At this year's Monster Shark event, hosted by the Boston Big Game Fishing Club in Oak Bluffs, a total of just twelve individual sharks were "taken," or killed. Tournament director and BBGFC President Steve James proudly emphasizes his strict minimum size requirements that fishermen must follow as they choose which sharks to throw back in the ocean or bring back to shore to weigh in. According to the BBGFC website, 97-98% of sharks caught during the tournament are released alive.

But though the tournament's impact on the local shark population would seem, from these numbers, to be fairly small, the opposition among the townspeople of Oak Bluffs is significant. Six months ago residents petitioned for the Monster Shark Tournament to either go "all catch and release" or get off the island. Animal rights activists have been showing up at this event for years in protest of, in the words of Vineyard resident Sally Apy, "a digusting spectacle that is clearly so corrupt in so many ways."

Part of the reason for the opposition, though, comes from what happens to the sharks after release, according to Apy. Because the fishing occurs with various types of tackle, including j-hooks that tear into shark tails, throats and stomachs, post-release mortality is a given for at least a fraction of the sharks. A NOAA-sponsored study published in 2010 -- one of the few available on this topic -- found roughly 26% post-release mortality rates for Threshers hooked by the tail. Even hookless wrestling like Sudal's can be harmful, because sharks have difficulty breathing when being dragged backwards.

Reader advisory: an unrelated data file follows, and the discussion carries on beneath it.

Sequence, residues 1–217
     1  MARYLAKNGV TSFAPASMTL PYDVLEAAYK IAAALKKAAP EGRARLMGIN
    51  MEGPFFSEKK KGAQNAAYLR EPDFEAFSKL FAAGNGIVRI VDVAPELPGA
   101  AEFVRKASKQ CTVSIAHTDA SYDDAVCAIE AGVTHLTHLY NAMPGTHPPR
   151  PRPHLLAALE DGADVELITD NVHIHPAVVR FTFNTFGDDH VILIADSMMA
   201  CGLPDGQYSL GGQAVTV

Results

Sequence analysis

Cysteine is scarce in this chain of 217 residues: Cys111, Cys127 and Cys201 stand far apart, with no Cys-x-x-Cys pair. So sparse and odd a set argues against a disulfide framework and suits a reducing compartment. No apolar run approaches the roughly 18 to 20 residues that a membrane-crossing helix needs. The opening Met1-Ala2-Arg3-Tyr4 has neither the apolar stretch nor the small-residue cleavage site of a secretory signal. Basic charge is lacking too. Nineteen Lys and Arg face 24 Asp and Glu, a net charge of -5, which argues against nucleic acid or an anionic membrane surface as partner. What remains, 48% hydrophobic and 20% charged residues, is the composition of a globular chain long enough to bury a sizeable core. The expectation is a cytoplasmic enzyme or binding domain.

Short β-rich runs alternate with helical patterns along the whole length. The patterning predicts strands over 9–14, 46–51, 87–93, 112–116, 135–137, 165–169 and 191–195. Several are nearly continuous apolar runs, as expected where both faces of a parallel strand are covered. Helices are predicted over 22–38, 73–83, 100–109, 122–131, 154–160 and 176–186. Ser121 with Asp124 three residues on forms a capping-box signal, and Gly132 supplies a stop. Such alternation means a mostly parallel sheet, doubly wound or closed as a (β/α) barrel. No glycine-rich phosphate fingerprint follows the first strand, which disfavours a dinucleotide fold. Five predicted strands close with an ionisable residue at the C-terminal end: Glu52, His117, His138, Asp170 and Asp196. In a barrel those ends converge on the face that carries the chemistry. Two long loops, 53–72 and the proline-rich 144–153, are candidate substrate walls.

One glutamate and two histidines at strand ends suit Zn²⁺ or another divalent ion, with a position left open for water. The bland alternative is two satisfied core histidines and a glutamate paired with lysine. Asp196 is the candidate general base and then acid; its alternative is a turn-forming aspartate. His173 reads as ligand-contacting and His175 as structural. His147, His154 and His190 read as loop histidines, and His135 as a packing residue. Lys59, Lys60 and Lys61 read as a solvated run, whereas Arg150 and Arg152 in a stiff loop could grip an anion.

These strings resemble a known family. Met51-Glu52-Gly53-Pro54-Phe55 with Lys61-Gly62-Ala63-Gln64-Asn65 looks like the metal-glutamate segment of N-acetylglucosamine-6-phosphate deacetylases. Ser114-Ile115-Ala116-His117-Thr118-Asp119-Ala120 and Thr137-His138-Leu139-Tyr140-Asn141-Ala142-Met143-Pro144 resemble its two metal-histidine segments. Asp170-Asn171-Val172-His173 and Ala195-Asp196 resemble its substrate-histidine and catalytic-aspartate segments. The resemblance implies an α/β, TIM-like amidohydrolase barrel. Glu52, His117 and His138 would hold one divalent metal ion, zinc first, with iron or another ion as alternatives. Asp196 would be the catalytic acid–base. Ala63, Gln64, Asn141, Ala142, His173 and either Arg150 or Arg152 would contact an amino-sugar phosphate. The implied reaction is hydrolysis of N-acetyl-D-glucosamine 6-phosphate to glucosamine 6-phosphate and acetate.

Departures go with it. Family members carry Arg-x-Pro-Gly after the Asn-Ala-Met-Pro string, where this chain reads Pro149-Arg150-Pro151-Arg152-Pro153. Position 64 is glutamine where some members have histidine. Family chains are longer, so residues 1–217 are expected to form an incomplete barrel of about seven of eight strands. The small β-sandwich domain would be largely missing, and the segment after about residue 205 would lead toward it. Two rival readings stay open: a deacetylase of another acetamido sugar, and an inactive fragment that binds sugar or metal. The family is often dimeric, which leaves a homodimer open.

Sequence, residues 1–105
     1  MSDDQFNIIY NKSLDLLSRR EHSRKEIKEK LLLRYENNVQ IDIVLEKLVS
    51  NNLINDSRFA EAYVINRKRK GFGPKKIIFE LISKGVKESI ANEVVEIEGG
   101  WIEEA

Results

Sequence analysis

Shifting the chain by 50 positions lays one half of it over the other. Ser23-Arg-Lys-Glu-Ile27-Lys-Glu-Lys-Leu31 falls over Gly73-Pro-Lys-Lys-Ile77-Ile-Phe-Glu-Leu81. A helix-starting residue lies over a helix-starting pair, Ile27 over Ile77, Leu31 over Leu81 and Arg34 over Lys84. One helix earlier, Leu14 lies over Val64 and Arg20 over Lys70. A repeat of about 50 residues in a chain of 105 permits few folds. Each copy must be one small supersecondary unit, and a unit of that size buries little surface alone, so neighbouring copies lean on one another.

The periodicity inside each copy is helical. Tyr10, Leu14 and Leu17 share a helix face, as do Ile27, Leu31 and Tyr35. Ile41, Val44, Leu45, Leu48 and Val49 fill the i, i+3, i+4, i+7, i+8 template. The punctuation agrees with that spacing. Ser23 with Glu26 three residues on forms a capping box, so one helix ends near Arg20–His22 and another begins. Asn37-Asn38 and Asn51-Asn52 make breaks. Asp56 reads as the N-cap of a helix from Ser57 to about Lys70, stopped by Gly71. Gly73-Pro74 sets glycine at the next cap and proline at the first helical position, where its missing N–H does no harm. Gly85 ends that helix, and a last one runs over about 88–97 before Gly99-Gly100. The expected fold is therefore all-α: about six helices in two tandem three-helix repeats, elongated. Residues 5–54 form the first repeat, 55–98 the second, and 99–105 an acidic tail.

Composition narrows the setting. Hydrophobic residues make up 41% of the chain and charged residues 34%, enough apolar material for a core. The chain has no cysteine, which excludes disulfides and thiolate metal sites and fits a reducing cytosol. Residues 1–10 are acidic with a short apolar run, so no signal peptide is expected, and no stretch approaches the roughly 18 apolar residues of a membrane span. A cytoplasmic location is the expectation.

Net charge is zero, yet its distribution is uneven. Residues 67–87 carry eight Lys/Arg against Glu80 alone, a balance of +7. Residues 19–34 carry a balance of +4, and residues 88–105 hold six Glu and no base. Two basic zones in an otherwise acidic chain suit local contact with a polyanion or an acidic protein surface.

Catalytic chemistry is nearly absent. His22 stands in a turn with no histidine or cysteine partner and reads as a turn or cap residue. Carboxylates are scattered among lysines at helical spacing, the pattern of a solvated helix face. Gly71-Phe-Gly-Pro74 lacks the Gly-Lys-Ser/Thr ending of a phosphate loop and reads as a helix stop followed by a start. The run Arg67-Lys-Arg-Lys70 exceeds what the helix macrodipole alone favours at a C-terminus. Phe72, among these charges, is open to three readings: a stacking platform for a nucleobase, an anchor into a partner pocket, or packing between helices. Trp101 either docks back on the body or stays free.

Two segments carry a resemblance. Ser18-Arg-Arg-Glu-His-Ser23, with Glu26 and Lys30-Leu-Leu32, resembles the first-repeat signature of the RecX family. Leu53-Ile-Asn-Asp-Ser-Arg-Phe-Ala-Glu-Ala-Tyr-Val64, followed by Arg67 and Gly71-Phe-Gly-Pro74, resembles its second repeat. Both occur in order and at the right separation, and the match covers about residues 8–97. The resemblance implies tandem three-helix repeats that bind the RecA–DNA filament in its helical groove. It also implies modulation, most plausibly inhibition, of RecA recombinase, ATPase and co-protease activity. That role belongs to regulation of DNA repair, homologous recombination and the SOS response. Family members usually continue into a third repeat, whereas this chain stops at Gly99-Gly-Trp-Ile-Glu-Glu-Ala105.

Some tournaments, such as the 31-year-old Ocean City Shark Tournament in Maryland, have started requiring fishermen to use only circle hooks, which embed in shark jaws and are thought to increase a shark's chances for post-release survival. James refuses to make his fishermen use circle hooks, insisting that there is no research to back up the idea of lower post-release mortality rates associated with circle hooks. "It's not that I'm against circle hooks, not at all. I use them all the time on my boat when I fish for Bluefin tuna. I handed them out at my tournament - everyone got at least ten circle hooks. But at the end of the day, it's not clear that the circle hook is doing a whole lot."

James has been in this business for over thirty years, and says he cares deeply about fisheries management. He sits on numerous state and federal committees where he works alongside respected marine biologists and policymakers. But he has not, so far, been open to what other scientists say is a legitimate problem with his signature event.

Presented by

Svati Kirsten Narula is a former producer for TheAtlantic.com.